The center of the labyrinth is a rosette, the symbol of Mary.  It is also evocative of the lotus from Eastern traditions.  This rosette has six pedals.  One medieval tradition associated the pedals with mineral, vegetable, animal, human, angel, and unknown.  The pedals may, however, represent many things collectively or personally.

Around the outside of the classic Chartres labyrinth are one hundred and fourteen lunations—113 cusps and 112 foils—(1 cusp and 2 foils are absent at the labyrinth gate).  These are thought to represent the 28½ day lunar cycle and may have been used as a calendar.  The bones of the labyrinth are an invisible thirteen point star.

Walking the labyrinth

Walking the labyrinth is quite personal.  There are many different reactions to a labyrinth walk—joy, contemplation, revelation, sadness, elation, etc.  Be unselfconscious and give yourself permission to let your reaction be expressed as it chooses—crying, laughing, dancing, singing.  There should be absolutely no judgement or embarrassment associated with a labyrinth experience.  Don’t be surprised by your reaction.  Remember, there is no right or wrong way to walk the labyrinth.  Trust Spirit.

Remember, with the labyrinth, everything is metaphor—sound, waiting, thoughts, smells, body feelings, witnessing others, etc.  Let the experience be what it will be.

The labyrinth is a two-way path.  The walk is interactive.  Do what feels natural.  Follow your own pace.  If you lose your way, that’s OK.  Think of it as metaphor.  It is OK to pass and to be passed.  You may want to stop, especially at the switch-back turns.  When on the labyrinth, it is important to be considerate.  In the center you may want to visit each of the pedals, you may sit or lie down, and can stay for as long as you wish.  There is no right or wrong way to walk the labyrinth.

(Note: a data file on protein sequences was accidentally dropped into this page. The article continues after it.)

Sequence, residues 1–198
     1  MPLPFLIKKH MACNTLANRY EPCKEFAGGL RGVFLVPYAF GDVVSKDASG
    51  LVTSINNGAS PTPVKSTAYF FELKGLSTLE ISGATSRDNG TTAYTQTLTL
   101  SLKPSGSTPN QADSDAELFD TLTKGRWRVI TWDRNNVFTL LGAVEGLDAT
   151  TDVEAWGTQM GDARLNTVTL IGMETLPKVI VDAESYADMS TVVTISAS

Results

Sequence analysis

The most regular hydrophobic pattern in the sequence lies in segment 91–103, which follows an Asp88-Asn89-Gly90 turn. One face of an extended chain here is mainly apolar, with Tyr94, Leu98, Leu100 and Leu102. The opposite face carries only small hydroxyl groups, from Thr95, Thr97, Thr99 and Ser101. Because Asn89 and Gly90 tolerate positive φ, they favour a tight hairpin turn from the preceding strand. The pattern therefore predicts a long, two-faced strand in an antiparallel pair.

A labyrinth walk is often considered a three fold path.  Walking the labyrinth is a time of release, quieting, emptying, shedding (Purgation).  Standing in the center is a time of awakening, receiving, opening (Illumination).  And the journey out is a time of return, integrating, strengthening (Union).  It is the metaphoric path home.

Take your shoes off unless you need them for support or medical reasons.  You may want to approach the labyrinth with a centering thought or a question.  You can ring a bell, wave a scarf, listen to music, or do what ever during your walk.  It is common to make a ritual bow before beginning.  When finished, it is again common to acknowledge the labyrinth.

Processing your experience is mostly personal.  Keeping silence for a time is one way to do this.  Be with your experience, your feelings (especially how you feel in your body), and your thoughts.  It may be hard to express your reaction or experience in words so process things internally and symbolically.  If you can, you may want to draw or write in a journal.

We also have a canvas indoor labyrinth which is usually laid down in the Parish Hall during Holy Week. If you want to walk the labyrinth, please check our on-line calendar to see if it is available. Likewise, if you or a group would like to use the labyrinth or you would like a labyrinth presentation or workshop, please ask and we’ll do all we can to accommodate you.